I was in, I’d say, about third grade. I was sitting in my Social Studies class and we were looking at two different accounts of the same battle. The accounts were completely different, and yet both men had been at the battle.
“How could that be?” The teacher asked us in a “I’m going to guide you” kind of way.
I pondered the question. In the end, we ended up discussing that people can perceive things in all kinds of different ways. It shapes how we tell stories, and it shapes what we believe.
This was in third grade, mind you.
Maybe some Social Media folks need to go back to Social Studies
So, I’m sitting here a million years later, reading various blog posts. Tell me if any of these made-up headlines of mine ring any kind of bell.
“I’m right! And I should know, I’m the expert!”
“That person who said that is so stupid like woah!”
“If you think that doing that activity is a good idea, then you probably also smell funny.”
Sadly, I’m barely exaggerating.
Let’s look at some current debates and see how multiple people could be right, shall we?
Charging for content: So, you have some folks who say, “Oh Em Gee. I totally can’t believe that person is charging for that. That’s totally stupid.” Then you have other folks who say, “Heehee, that’s so cute, that person isn’t charging for anything. Too bad they’re on the path to wrong-ness.”
Why both parties are right: Making money is a good thing. I enjoy making money. I enjoy getting paid for doing things that are sort of, how do you say, “worky.” On the other hand, it’s also nice to help people without asking them for money, and if you are offering guidance that isn’t robbing from your primary mode of work, you can enjoy that luxury.
Say it with me. You both could be right!
Who “owns” Social Media? This one kind of reminds me of the big fight scene in Anchorman, if you’re familiar with such things. “PR owns Social Media!” “No no, anyone who believes that PR owns Social Media is a daft punk. Marketers own the Social Media world!” “Oh, puhlease. OBVIOUSLY customer service owns Social Media.”
Why they’re all right: Maybe it’s my Cherokee blood, but I don’t really believe that anyone apart from Mark Zuckerberg can own Social Media. That point aside, most people in business could claim ownership of the online world. PR can control a company’s reputation through Social Media. Marketers could promote products and/or services through Social Media. Customer Service can do a great job of functioning in the online world (although I must say Twitter’s online support, which uses Twitter, kinda stinks).
Say it with me. You all are right.
Klout: I look at Klout about as seriously as I look at some of the spammy emails I get regarding “how to grow.” A lot of people argue a lot about Klout. There are people who, like me, feel that they need Klout like they need a non-stop auto-start CD of Rebeca Black’s Friday. There are other people who monitor their Klout score incredibly carefully.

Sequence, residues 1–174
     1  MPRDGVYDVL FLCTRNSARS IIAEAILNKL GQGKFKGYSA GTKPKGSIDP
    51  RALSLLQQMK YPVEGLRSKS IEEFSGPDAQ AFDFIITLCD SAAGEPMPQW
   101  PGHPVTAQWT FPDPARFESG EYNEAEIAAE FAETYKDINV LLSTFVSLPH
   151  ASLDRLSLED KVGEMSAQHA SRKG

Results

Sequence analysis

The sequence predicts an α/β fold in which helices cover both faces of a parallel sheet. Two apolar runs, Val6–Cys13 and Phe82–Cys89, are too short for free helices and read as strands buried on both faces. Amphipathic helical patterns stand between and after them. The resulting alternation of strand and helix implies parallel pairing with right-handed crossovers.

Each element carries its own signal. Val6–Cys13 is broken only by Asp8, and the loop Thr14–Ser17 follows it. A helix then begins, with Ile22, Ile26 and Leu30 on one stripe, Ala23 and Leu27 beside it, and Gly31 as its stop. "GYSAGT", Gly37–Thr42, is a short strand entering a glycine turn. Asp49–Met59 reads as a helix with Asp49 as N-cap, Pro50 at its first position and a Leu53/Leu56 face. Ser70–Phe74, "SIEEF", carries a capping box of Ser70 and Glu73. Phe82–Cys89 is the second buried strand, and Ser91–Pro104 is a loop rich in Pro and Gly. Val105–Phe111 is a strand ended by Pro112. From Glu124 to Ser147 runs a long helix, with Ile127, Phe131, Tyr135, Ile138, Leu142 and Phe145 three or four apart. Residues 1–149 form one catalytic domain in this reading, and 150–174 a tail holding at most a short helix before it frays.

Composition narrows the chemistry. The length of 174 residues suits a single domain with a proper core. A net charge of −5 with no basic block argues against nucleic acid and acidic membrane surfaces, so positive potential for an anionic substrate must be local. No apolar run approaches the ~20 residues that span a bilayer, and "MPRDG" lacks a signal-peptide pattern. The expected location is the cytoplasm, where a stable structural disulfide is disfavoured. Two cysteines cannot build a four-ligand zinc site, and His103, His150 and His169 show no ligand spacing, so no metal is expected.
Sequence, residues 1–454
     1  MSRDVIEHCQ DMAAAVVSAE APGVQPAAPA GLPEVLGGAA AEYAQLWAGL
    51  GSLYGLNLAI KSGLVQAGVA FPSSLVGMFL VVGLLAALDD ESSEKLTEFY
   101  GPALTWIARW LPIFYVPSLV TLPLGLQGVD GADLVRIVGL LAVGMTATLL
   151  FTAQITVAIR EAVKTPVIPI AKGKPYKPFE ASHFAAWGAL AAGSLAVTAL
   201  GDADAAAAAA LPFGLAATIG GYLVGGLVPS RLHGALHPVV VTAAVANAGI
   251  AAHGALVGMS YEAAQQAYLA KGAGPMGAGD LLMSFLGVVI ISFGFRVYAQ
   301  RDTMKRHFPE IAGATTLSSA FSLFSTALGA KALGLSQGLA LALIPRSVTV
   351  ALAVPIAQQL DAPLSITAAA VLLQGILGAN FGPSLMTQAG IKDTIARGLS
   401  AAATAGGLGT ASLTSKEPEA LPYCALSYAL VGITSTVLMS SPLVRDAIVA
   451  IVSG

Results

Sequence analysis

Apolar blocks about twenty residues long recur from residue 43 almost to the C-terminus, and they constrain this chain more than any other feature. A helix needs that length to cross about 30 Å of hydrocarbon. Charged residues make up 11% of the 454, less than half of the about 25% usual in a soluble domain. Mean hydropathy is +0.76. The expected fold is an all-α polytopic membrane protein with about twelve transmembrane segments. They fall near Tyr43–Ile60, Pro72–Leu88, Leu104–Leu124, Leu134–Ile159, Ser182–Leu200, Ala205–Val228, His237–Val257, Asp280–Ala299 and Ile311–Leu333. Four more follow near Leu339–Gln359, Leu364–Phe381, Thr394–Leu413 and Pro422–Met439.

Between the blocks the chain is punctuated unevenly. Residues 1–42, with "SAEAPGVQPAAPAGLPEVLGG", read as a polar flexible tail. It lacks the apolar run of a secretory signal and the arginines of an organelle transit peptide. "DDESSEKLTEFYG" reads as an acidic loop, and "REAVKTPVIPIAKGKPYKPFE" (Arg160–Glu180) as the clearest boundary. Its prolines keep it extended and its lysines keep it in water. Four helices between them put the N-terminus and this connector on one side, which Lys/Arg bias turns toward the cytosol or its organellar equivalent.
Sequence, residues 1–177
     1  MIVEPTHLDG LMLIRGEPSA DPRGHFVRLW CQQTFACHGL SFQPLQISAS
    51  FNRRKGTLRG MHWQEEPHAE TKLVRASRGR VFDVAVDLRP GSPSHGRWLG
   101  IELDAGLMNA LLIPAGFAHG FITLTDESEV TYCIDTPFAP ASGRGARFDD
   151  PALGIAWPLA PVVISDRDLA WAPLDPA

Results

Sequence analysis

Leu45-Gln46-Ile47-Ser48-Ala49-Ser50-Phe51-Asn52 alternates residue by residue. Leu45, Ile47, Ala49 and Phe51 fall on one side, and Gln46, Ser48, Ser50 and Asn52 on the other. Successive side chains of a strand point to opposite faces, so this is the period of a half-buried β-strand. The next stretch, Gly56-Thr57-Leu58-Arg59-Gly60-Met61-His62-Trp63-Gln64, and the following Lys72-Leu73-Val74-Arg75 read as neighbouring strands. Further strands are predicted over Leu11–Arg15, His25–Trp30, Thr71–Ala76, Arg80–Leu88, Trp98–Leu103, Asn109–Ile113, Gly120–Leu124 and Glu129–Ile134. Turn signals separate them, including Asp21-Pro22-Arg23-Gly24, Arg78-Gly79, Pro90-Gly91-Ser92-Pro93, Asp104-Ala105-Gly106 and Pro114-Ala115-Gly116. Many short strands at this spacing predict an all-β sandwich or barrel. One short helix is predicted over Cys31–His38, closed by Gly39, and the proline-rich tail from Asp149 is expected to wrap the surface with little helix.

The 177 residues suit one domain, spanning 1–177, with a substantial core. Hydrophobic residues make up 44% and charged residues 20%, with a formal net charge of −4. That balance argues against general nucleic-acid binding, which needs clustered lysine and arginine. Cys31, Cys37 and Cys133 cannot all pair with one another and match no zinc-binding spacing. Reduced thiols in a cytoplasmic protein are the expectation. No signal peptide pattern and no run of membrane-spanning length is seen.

Why you’re all right: There are a lot of unanswered questions about Klout that even Klout fans have yet to find answers to. For example, how much does Klout weigh the actual quality of your interactions in contract to the quantity? Also, Klout is a metric that may not matter to someone like me who is more concerned about building relationships that can exist beyond the online world. However, a lot of people use Klout in really interesting ways, like making sure they are interacting with people enough. I think that’s great and innovative.
Say it with me. You’re all right!
ROI: OK, peoples. Looky here. Now, you have some people out there who say that Social Media ROI can’t be measured because it’s all about squishy lovey-dovey kumbaya kind of stuff. This drives the other folks bonkers. They think that Social Media ROI must be measured and needs to become more measurable.
Why you’re all right: There are some facets of ROI that actually can’t be measured. For example, if your investment is time, and the return is a lifelong friend that you gained along the way while you were working on business stuff, then the squishy people have a win, don’t they? On the other hand, if you’re trying to make money, and you’re investing time that you need to pay for via salaries or time not doing other things, then you’d better have a way to see if that investment is paying off.
Yep. You’re both right.
I realize that this might break your heart. It’s hard to say “I’m an expert” and then also say, “You might be right even though we disagree.” Give it a try though. The third graders are, anyway…
This is post #39 in the Engagement Series. You know what 39 means? Almost 40! 🙂
Image by Annie Andre. http://www.sxc.hu/profile/femmeannie